That’s Pathetic!

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What’s happening here? Storm over a street fete in Monte Carlo.

It was a dark and stormy night…

“Pathetic fallacy” is an academic term that refers to the technique of ascribing human emotions to inanimate objects, usually to reflect a character’s mood. For example, say your protagonist falls in love: you might describe flowers laughing and trees waving their branches gleefully. Or perhaps there’s been a death, so the landscape looks bleak and with clouds brewing rain.

“Pathetic fallacy” was very popular with the Victorian novelists – think of Thomas Hardy. Therein, however, lies the problem – “pathetic fallacy” is out of fashion nowadays. This demise of its popularity is partly due to the modern attention span. If you’ve ever read novels by the Brontes, Dickens, Elliot or Hardy – you’ll know all about lengthy landscape description. It’s taxing for modern readers. If you absolutely need to say how each field in the valley looked, then spread your descriptions out over the course of your work. Above all, as Elmore Leonard wrote, “Try to leave out the part that readers tend to skip.”

Another reason “pathetic fallacy” is no longer beloved in the literary world, is that it can seem cliché. If your protag is heading home to see his wife and there’s a storm, and then they fight… your foreshadowing’s is derivative, predictable and boring.

Still, “pathetic fallacy” has its place in the literary toolbox. It can provide emphasis for mood. I suggest using it sparingly, with caution and avoid storm/argument, rain/depression, sunny days/falling-in-love clichés.I like to turn PF on its head; let the trouble come in sunshine or make a storm a symbol of peace. If you use PF, surprise your reader with it.

Oh, and whatever you do, never open with a PF weather report, that’s just pathetic : )

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About suehealy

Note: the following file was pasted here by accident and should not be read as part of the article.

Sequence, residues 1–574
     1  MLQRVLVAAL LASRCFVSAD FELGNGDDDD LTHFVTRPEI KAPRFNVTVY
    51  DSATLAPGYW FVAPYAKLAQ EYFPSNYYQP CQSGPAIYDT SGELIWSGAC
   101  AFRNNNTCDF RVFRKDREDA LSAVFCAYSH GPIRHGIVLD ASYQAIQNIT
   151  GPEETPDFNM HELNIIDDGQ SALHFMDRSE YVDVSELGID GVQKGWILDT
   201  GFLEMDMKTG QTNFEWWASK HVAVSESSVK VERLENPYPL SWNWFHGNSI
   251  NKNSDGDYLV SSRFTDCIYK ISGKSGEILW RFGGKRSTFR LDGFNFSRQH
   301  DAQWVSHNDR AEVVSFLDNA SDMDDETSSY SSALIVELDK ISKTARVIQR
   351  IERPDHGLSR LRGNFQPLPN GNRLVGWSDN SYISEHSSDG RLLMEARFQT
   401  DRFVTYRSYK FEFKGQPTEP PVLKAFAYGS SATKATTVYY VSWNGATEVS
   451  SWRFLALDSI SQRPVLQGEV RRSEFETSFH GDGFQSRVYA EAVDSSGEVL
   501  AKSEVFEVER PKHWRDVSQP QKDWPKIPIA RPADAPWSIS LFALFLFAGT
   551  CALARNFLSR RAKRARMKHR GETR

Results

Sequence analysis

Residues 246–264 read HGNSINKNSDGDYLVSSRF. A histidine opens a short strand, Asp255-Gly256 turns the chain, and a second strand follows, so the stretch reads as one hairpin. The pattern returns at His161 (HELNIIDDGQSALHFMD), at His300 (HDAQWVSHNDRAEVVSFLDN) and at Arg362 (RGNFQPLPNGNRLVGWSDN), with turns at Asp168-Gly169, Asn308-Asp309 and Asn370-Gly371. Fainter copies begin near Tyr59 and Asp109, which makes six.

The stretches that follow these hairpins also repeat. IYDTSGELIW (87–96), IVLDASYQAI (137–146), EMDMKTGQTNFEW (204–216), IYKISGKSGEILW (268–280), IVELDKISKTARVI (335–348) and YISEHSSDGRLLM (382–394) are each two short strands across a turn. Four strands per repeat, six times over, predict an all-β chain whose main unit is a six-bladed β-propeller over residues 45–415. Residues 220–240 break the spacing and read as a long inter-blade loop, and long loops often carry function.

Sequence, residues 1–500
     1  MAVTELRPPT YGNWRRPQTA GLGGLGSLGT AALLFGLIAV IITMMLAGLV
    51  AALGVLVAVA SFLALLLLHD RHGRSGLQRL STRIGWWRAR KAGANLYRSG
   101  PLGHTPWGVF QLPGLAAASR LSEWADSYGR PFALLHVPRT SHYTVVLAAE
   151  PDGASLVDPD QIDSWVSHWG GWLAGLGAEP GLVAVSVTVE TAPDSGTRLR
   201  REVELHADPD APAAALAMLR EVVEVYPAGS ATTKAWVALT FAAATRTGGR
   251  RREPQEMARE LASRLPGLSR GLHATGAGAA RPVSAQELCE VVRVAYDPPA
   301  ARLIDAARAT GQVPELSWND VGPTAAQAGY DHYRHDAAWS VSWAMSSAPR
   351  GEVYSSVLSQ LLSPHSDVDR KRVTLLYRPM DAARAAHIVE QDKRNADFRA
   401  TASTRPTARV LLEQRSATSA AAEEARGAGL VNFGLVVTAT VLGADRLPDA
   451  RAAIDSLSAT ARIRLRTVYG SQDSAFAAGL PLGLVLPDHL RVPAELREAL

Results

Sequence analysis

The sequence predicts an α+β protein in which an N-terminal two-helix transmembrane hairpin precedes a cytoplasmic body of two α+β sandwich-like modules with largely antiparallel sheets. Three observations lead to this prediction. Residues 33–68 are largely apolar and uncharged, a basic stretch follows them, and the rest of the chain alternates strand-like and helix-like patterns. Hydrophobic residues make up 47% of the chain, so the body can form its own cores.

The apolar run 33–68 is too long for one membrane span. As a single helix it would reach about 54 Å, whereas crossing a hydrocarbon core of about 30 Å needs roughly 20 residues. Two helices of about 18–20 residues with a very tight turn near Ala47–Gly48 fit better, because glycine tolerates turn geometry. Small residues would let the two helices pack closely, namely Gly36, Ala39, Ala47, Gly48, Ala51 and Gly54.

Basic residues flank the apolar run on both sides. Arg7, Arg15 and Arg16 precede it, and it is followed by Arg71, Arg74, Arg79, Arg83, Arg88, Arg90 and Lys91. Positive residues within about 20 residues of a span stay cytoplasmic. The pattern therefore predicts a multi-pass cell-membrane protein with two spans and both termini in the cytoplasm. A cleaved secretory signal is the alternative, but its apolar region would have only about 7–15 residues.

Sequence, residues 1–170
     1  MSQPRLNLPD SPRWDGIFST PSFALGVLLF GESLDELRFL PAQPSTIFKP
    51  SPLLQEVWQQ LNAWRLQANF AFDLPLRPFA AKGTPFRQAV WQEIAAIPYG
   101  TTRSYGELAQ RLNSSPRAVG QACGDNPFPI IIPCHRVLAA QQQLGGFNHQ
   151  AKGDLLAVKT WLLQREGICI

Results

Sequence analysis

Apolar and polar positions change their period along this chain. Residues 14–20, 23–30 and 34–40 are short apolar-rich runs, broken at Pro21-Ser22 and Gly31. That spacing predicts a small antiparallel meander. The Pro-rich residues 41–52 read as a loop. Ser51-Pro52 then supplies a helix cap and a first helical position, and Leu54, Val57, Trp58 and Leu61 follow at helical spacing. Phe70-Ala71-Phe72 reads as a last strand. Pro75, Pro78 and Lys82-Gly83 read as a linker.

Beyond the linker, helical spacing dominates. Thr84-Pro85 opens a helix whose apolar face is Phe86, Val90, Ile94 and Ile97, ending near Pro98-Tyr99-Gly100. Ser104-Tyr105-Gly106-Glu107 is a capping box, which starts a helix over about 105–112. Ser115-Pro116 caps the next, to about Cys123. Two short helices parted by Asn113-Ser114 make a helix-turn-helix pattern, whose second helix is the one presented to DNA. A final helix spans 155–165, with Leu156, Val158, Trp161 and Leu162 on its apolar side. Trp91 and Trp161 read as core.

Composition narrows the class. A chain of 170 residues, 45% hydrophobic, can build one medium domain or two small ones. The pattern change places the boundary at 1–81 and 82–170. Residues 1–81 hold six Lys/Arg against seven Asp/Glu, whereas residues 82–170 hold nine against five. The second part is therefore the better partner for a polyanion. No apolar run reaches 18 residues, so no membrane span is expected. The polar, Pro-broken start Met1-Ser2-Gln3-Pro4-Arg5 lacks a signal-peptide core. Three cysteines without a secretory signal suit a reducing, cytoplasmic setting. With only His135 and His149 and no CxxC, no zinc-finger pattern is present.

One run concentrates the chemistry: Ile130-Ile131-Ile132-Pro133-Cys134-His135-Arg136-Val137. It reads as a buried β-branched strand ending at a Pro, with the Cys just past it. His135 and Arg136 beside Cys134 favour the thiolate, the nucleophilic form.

Literary Manager at the Finborough, Sue Healy is a playwright with a track record in stage and radio. Her most recent play, Imaginationship (2018), enjoyed a sold out, extended run at the Finborough and was later selected for a staged-reading at the Stephen Joseph Theatre in Scarborough. Her previous stage productions include Cow (Etcetera Theatre, 2017) and Brazen (King’s Head Theatre, 2016), funded by Arts Council England. Her short plays have been performed at the Criterion (Criterion New Writing Showcase), Arcola (The Miniaturists) and Hackney Attic (Fizzy Sherbet Shorts by Women). Her radio work includes nine plays broadcast on BBC Radio 4 (Opening Lines winner), WLRfm and KCLR96fm. She has been an interviewed finalist for BBC Scriptroom 12, Eamonn Keane Playwriting Prize, Nick Darke Award and Old Vic 12 New Voices. Her screenplay was shortlisted for the Shorelight Award. Sue’s prose has won The Molly Keane Award, HISSAC Prize, Escalator Award, Meridian Prize and has been published in nine literary journals and anthologies including: The Moth, Flight, Tainted Innocence, New Writer, Duality, HISSAC, New European Writers. She has been writer-in-residence on Inis Oírr, Aran Islands, and at the Heinrich Boll Cottage on Achill Island. She has also benefitted from annual artist residencies at the Tyrone Guthrie Centre, and at Ginestrelle, Assisi in Italy. Sue is Irish. She spent eleven years in Budapest, editing Hungary A.M. She has a PhD in modern theatre history (Royal Court Theatre) and is a UEA Creative Writing MA alumna. Sue is currently an Associate Lecturer in Playwriting at the University of Lincoln and the University of Portsmouth. She tutors Creative Writing at City Lit. View all posts by suehealy

9 responses to “That’s Pathetic!

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